• Should I consider scheduling anything else during that trip? Might you have an opportunity to attend another meeting, to arrange a speaking engagement, to meet with colleagues in your firm’s local office, etc.?
  • Should I make sure to call anyone while I’m in town, even though there won’t be an opportunity to get together? Make that list now, not when you get to the conference.

3. Ask, can I make any contacts before the conference? If you know people who are likely to attend, reach out before the meeting to see whether in fact they’re planning to be there. That may be the logical next step to suggesting coffee or a meal together, or it could be a nice pre-conference connection to ease into conversation when you meet in person.

If you’re active on social media, consider sharing information about the conference online and asking if others are planning to attend. Some of your contacts might decide to join you, and strangers who have already made their plans may respond, leading to new connections. This is an especially nice tactic for introverts, because it increases the likelihood that you will know a few people before you get to the meeting, and online conversations can easily segue into face-to-face discussion. Be sure to use the appropriate hashtag for the conference, if one has been defined. Hashtags often appear in promotional materials, including the conference website and using them will help you to find other attendees.

4. Ask, who else needs to know about this conference, and how can I help spread the word? You can always share information about the meeting, though you may choose not to. The meetings that I calendared recently are offered by the ABA Section of Science and Technology, and since I’m an officer in that Section, I have both the responsibility and desire to share information about programs we host or sponsor. (Pro tip: even if you have no responsibility, if an organization with which you’re actively involved is hosting the event, share! It won’t hurt, and it might help both with attendance, which is always an issue, and with your own name recognition.)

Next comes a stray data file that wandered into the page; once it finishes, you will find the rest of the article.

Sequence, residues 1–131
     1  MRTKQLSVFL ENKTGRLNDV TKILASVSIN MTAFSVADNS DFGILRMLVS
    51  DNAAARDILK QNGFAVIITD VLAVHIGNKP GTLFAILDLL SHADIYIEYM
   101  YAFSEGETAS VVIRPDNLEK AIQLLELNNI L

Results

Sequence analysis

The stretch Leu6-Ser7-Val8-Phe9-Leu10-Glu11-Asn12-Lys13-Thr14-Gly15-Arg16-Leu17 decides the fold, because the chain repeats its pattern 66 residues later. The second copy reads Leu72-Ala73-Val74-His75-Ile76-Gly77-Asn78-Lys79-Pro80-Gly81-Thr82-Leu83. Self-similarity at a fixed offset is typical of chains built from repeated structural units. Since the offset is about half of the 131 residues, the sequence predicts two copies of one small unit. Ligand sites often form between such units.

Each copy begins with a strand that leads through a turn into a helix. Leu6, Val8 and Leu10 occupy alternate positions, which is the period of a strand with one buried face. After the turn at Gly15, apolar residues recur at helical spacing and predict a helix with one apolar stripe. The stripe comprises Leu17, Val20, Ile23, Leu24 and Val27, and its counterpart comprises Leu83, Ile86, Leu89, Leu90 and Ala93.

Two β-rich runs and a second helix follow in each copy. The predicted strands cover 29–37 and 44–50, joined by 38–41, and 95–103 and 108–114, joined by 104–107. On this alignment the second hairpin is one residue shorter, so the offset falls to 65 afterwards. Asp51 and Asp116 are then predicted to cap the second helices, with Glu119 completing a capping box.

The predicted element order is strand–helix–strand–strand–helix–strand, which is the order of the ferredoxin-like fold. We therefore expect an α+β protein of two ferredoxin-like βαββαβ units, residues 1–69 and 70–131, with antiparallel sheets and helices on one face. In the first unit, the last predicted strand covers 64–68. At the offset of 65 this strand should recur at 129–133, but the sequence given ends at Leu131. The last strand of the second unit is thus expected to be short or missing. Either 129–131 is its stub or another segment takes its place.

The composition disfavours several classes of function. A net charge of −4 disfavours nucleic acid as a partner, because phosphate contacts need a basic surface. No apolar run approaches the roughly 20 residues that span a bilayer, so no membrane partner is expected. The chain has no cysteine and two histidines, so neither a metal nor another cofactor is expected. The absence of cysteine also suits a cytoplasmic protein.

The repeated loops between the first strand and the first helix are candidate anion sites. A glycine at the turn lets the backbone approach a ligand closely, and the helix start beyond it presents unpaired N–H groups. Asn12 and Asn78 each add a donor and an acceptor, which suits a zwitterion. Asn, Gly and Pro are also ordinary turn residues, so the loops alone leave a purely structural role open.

Calendar whatever you will do to help, counting back from the date of the conference. Helping might include making phone calls or forwarding a copy of the program announcement to people who might like to attend, listing the conference in your own newsletter or blog, or contacting a local group that might want to share information about the conference with its members. Think about your help in two buckets: one-to-one invitations (conversation and emails) and group invitations (such as forwarding information to the contact for a group or sharing information on social media).

For example: the Second Annual  Internet of Things National Institute will be held in Washington, DC on May 10 and 11. Last year’s National Institute was a smashing success, and I’ve listed a number of people to invite individually to attend this year’s conference. As the time draws closer, I’ll share information about the National Institute and topics to be addressed on social media as well. I’ve also shared sponsorship information with several firms and businesses who might like to be visible to the attendees. (If you’re coming up blank with people to invite, note that many conferences have a “Who Should Attend?” section on the website or in the brochure that may help you. See, for example, the image on the right, from the 2016 National Institute.)

If you have a special connection to a sub-part of a meeting (for instance if a speaker is a valued contact), you can share that specific information. As the August ABA Annual Meeting approaches, for example, I will invite contacts who are interested in the law as it relates to technology and music to Unblurring the Lines: Navigating the Complex Relationship Between Technology, Music and Copyright Law and those interested in cyber-security to a program on that topic, to be followed by Cyber Security Scorecard for the 45th Presidency, which may also appeal to those especially interested in governmental aspects of cyber-security.